NOCTURNAL ANIMALS (Focus/Universal – November 18): Tom Ford’s follow-up to his directing debut A Single Man is, like that film, a meticulously assembled box of beautifully engineered elements. Those pieces, however, add up to less than their luster and precision would suggest. Ford, adapting a novel by Austin Wright, intercuts between three storylines. In a present-day reality, the privileged Los Angeles art gallery owner Susan (Amy Adams) reflects on the unhappiness of her life and marriage. Flashbacks from twenty years earlier show us Susan’s first marriage to Tony (Jake Gyllenhaal) and how it crumbled. Meanwhile, we see, even as Susan reads it, the story of the novel Tony has written, a lurid crime tale that reshapes and makes use of their shared past. These components are carefully and thoughtfully combined, but each of them is familiar to the point of cliche, from the satire at the expense of the LA-cultured to the sad soapy backstory. The “novel” provides the most powerful material, because of its dark violence, but it’s an understatement to say that pulp isn’t Ford’s strong suit as a filmmaker. Even though Nocturnal Animals is ambitiously original in design, its overall feel is second-hand, although in a way that may appeal to arthouse audiences and awards-season voters.
DENIAL (Bleecker Street – September 30): The title has two meanings. Mick Jackson’s film (from a cracklingly intelligent script by David Hare) tells the real-life story of the libel case that placed the concept of Holocaust denial on trial, when British “historian” David Irving (Timothy Spall) sued the American writer Deborah Lipstadt (Rachel Weisz) for identifying him as an anti-Semitic liar. It also refers to the strategy devised by Lipstadt’s lawyers, led by solicitor Anthony Julius (Andrew Scott) and barrister Richard Rampton (Tom Wilkinson), which denied Lipstadt the chance to speak out for herself or confront Irving (who represented himself) directly during the trial, insisting instead on a more measured and deliberate defense. The acting, as one would expect of a cast like this, is flawless, with Scott deserving special mention for a performance that conveys the way an attorney actually sounds and acts. Jackson and Hare turn the true-life material into a thriller that alternately provokes, horrifies and cheers, and the concept of dealing with public figures who blatantly lie about critical facts of public interest has more current-events relevance than the filmmakers could have imagined.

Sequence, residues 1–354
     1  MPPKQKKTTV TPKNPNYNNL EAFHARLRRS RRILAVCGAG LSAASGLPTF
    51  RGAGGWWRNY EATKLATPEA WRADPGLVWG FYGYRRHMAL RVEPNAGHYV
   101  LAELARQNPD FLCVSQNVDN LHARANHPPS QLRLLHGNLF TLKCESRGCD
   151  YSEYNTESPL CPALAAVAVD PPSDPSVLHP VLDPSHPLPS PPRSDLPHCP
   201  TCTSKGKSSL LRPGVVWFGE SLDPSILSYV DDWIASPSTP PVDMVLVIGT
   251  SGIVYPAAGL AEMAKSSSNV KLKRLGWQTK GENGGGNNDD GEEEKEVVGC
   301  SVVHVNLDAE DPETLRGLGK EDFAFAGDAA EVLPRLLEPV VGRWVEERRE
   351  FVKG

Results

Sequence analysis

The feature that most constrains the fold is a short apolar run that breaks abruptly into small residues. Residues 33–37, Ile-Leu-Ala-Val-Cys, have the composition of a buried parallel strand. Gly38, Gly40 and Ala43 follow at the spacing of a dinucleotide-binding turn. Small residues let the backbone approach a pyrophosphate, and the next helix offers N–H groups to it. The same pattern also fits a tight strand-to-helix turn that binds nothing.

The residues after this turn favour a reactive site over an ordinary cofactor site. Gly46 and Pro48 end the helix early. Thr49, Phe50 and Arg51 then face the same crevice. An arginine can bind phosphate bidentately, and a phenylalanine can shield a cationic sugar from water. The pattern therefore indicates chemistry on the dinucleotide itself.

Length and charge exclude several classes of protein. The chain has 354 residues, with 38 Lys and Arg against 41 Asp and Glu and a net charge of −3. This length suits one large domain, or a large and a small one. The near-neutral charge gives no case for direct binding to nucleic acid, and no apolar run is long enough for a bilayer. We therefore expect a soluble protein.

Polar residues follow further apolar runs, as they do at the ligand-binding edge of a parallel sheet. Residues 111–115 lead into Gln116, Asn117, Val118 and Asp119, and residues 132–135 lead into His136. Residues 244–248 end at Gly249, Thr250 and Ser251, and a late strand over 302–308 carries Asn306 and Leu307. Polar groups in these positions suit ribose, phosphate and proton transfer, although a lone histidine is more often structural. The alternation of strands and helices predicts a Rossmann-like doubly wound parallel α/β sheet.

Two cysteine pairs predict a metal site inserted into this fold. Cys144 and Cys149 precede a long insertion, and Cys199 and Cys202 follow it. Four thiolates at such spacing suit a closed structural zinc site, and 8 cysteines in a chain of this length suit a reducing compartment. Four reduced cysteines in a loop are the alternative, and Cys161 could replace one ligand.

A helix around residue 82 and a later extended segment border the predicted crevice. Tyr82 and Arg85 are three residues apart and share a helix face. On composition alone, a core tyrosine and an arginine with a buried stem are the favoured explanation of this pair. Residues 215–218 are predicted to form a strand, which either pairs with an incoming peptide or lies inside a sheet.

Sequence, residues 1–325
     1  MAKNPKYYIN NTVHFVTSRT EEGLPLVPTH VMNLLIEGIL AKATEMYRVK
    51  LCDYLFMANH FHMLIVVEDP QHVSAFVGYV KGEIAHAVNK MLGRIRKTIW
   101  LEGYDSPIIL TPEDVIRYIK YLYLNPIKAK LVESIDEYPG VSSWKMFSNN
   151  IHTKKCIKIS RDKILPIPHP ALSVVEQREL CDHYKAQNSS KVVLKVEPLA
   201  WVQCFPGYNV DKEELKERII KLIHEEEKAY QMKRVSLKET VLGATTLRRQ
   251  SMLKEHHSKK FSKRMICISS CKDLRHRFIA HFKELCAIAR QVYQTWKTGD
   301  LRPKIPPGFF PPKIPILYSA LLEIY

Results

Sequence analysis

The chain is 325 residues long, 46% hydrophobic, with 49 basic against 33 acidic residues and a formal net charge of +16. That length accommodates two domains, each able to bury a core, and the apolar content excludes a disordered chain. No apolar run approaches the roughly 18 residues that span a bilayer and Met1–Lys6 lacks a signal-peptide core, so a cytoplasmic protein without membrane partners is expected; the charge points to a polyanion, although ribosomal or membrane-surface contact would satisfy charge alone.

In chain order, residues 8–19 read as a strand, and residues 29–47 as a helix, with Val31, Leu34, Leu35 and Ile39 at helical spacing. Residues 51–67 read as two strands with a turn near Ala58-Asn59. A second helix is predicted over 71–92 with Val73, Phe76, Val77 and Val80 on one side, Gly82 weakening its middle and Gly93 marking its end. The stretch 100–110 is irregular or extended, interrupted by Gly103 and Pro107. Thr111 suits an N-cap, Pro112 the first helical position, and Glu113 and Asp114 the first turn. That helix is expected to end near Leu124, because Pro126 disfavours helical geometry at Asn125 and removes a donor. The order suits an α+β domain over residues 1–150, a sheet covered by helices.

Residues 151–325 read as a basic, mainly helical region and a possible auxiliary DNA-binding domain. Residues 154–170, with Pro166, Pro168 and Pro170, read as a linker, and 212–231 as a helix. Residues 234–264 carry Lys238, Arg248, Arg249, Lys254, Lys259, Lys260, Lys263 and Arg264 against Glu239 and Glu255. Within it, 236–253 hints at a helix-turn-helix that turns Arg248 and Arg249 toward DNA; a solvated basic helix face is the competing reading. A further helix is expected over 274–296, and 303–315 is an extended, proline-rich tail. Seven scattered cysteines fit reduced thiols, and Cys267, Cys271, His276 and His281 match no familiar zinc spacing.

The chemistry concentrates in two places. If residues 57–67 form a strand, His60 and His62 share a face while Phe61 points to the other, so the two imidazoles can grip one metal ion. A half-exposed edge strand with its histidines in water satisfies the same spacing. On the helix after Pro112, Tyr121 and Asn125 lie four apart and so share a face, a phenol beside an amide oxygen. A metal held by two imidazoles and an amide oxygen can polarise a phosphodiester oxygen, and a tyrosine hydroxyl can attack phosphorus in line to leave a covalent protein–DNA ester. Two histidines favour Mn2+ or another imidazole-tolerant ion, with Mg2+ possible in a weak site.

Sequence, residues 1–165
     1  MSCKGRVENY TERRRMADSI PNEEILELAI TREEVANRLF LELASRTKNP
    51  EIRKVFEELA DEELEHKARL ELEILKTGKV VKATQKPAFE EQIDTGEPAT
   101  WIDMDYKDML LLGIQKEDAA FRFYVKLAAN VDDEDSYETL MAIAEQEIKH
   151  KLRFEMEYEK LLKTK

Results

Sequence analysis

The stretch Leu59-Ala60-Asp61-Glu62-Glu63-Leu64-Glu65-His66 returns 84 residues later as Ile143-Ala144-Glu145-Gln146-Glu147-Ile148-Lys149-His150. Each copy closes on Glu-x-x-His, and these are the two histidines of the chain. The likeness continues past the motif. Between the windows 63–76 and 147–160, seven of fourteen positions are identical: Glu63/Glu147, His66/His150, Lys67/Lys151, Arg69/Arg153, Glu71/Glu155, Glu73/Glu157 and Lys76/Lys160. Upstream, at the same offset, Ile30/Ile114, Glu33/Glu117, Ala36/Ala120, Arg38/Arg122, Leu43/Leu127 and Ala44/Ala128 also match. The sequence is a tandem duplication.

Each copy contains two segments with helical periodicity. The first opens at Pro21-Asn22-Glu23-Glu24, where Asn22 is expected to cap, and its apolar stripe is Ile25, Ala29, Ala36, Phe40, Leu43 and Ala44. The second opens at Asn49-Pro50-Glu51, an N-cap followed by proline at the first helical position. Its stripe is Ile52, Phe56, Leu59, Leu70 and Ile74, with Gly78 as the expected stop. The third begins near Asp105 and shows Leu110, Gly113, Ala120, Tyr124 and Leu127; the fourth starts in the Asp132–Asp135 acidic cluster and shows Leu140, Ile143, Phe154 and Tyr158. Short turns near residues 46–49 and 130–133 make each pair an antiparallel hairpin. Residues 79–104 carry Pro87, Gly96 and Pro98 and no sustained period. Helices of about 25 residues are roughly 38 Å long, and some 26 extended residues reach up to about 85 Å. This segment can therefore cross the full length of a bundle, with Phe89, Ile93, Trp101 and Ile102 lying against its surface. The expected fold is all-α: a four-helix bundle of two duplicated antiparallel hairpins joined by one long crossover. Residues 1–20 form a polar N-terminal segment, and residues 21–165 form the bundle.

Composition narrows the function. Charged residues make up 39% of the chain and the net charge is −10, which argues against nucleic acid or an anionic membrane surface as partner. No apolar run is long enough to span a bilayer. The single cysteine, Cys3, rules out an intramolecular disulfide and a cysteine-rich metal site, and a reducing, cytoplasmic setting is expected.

QUEEN OF KATWE (Disney – September 23): In chess, signalling one’s strategic intentions in advance is a fatal mistake, and that’s what befalls Queen of Katwe, a painfully earnest feel-good true story about the Ugandan Phiona Mutesi (Madina Nalwanga) who became a hero in her country thanks to her precocious genius at chess, aided by her coach (David Oyelowo) and mother (Lupita Nyong’o). Nira Nair’s film and William Wheeler’s script have their hearts in the right place, but every moment is telegraphed and predictable, from the first act successes to the second act challenges and setbacks to the third act triumphs. Nair has loaded on plenty of local color (the vibrant cinematography is by Sean Bobbitt), and it’s always nice to see good things happen to heroic people. The screenplay, though, insists on underlining and repeating every sentiment and statement of principle, and doesn’t even do much of a job at explaining Phiona’s strategies or what makes her great as a player. Instead, Nair tries to film the matches in sports movie style (the film is co-produced by ESPN Films), which just seems ludicrous when the “action” is pieces being moved across a board. Despite its abundant warmth, Queen of Katwe puts itself in check too much of the time.